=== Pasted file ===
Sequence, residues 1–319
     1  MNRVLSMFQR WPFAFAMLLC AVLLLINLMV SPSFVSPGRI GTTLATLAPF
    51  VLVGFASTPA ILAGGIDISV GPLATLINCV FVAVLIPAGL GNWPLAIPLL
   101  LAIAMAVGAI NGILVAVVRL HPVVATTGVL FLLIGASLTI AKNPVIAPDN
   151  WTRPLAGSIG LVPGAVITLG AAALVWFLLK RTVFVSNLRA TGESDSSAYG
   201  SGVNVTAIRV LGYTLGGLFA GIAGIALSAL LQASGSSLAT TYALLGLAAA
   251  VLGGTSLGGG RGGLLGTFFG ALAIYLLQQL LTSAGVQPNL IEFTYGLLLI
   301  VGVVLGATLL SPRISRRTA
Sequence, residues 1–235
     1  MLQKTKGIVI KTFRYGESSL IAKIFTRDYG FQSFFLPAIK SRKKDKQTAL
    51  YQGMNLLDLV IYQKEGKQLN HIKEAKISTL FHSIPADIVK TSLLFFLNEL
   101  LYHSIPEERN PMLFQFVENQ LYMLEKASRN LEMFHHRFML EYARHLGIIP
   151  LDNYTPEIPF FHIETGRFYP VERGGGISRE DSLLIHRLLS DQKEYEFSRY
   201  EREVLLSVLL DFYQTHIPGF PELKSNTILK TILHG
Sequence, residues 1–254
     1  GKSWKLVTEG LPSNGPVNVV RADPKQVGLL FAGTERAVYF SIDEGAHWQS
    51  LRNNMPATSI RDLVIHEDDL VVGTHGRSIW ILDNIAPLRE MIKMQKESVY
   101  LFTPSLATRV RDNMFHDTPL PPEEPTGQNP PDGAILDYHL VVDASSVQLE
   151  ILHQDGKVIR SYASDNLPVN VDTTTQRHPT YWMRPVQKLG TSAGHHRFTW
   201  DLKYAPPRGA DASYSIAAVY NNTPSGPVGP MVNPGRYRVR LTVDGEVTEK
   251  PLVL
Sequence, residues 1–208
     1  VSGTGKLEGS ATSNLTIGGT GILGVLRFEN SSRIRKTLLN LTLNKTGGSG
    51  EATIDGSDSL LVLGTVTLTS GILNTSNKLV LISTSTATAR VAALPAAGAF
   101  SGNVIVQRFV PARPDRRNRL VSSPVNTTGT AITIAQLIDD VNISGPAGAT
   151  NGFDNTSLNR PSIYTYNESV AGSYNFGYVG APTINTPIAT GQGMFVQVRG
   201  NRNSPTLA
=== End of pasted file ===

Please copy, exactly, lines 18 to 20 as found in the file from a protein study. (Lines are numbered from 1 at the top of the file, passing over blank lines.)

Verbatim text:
   101  LFTPSLATRV RDNMFHDTPL PPEEPTGQNP PDGAILDYHL VVDASSVQLE
   151  ILHQDGKVIR SYASDNLPVN VDTTTQRHPT YWMRPVQKLG TSAGHHRFTW
   201  DLKYAPPRGA DASYSIAAVY NNTPSGPVGP MVNPGRYRVR LTVDGEVTEK